In this process, the nucleus is hit with an extra neutron which it absorbs, causing the nucleus to become violently unstable which then splits into smaller nuclei, releasing large amounts of energy in the process.

However, besides kinetic energy, nuclear fission produces radioactive nuclear waste that will typically last for 1,000 years or longer.

Unlike other renewable energy sources, nuclear power has the potential to be the most devastating to both humankind and the environment when accidents do occur. 

One such example was the Fukushima nuclear accident in 2011 which saw the Fukushima nuclear power plant enter a state of nuclear meltdown after a tsunami hit the coast of Fukushima after a 9.0 magnitude earthquake.

This incident forced more than 150,000 people to evacuate from the area and for the next 40 years, tens of thousands of workers will be needed to safely remove the nuclear waste with many former residents no longer desiring to return there.

However, nuclear energy still is a major source of energy in many developed nations such as the United States where it contributes a whopping 19.5% of total annual electricity generation across 96 operating nuclear reactors.

China is also a big proponent of nuclear reactors with 49 in operation with a capacity of 47.5 GW and while it only provides around 2% of China’s electricity needs, the country plans to let nuclear power take front-stage as the main power source going forward.

Nuclear-Energy

7. Chemical Energy

Chemical energy is energy that is stored within chemical compounds such as oil and gas, which can then be effectively harnessed when they are burned.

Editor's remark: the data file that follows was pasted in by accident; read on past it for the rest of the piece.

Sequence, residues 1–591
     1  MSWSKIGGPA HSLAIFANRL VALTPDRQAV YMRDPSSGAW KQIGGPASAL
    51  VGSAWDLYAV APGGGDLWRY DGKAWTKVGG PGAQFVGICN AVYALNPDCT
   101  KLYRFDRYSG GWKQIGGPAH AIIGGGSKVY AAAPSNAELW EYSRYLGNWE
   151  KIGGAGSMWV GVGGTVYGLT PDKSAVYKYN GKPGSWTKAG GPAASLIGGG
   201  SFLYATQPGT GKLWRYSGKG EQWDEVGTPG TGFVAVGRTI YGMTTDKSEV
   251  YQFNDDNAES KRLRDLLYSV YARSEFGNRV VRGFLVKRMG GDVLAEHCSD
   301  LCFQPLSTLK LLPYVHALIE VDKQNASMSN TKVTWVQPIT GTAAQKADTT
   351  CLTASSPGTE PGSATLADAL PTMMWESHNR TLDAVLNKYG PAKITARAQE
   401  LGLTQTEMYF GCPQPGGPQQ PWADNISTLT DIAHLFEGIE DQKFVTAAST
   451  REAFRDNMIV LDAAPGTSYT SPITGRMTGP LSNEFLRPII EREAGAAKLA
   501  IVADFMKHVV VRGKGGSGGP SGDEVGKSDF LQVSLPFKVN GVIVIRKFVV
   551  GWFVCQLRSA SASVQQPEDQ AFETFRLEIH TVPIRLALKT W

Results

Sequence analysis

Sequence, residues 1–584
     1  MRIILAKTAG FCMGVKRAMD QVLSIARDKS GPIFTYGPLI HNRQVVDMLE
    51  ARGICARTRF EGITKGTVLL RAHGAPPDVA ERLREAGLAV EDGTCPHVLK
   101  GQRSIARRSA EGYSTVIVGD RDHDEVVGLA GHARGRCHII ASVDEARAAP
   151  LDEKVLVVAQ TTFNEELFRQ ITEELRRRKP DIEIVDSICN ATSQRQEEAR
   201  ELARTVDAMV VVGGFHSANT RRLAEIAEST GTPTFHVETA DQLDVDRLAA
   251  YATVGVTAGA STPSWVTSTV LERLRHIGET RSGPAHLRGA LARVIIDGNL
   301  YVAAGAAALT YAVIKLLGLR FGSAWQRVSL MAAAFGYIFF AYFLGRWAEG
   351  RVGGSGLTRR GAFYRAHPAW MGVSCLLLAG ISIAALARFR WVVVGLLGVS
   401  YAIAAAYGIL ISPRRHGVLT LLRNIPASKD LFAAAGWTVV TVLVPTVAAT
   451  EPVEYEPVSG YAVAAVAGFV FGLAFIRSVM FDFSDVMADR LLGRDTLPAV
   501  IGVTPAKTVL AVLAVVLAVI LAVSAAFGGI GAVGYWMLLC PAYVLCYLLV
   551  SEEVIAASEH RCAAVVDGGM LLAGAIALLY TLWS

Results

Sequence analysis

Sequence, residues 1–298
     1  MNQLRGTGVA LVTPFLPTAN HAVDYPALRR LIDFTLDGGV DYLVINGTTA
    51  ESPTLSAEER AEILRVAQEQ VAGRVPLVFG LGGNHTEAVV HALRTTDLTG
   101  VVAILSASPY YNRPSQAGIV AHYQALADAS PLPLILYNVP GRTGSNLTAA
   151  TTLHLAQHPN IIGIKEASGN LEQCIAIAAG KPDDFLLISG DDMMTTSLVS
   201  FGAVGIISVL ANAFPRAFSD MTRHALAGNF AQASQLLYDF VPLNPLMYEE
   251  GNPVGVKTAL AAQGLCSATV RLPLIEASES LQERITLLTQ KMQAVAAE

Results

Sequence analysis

Chemical energy can also come in other forms such as the sugar and glucose that we consume in our food. The sugar’s chemical energy is released into our bloodstream when it is digested, filling us up with energy that is necessary for human life.

During this harnessing of chemical energy through a chemical reaction, the stored energy is released causing the original substance to change into a different substance.

One example is the burning of ethane gas, which releases heat and light and leads to the formation of water and carbon dioxide.

Fossil fuels are a great example of stores of chemical energy that are used to power the majority of modern society today – from our vehicles and shipping industry to generating power for our homes.

In Singapore alone, natural gas accounted for 95.6% of the fuel mix for electricity generation. Globally, fossil fuels supply around 84% of the world’s energy, underscoring the continued importance of this chemical energy source.

While we are moving more towards renewable energy sources, fossil fuels will still be a critical pillar of our energy generation as well as for most countries in the world.

Chemical-Energy

8. Sound Energy

Did you know that sound is actually a form of energy too? Sound energy is essentially the movement of energy through what is known as sound waves and because it needs a medium, such as the molecules in the air, it cannot travel in a vacuum.